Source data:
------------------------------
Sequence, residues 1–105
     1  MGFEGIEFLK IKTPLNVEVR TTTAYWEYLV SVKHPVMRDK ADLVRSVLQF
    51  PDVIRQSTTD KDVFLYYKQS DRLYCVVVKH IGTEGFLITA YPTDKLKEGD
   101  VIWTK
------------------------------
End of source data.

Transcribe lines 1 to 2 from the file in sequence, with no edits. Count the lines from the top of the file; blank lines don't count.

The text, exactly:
Sequence, residues 1–105
     1  MGFEGIEFLK IKTPLNVEVR TTTAYWEYLV SVKHPVMRDK ADLVRSVLQF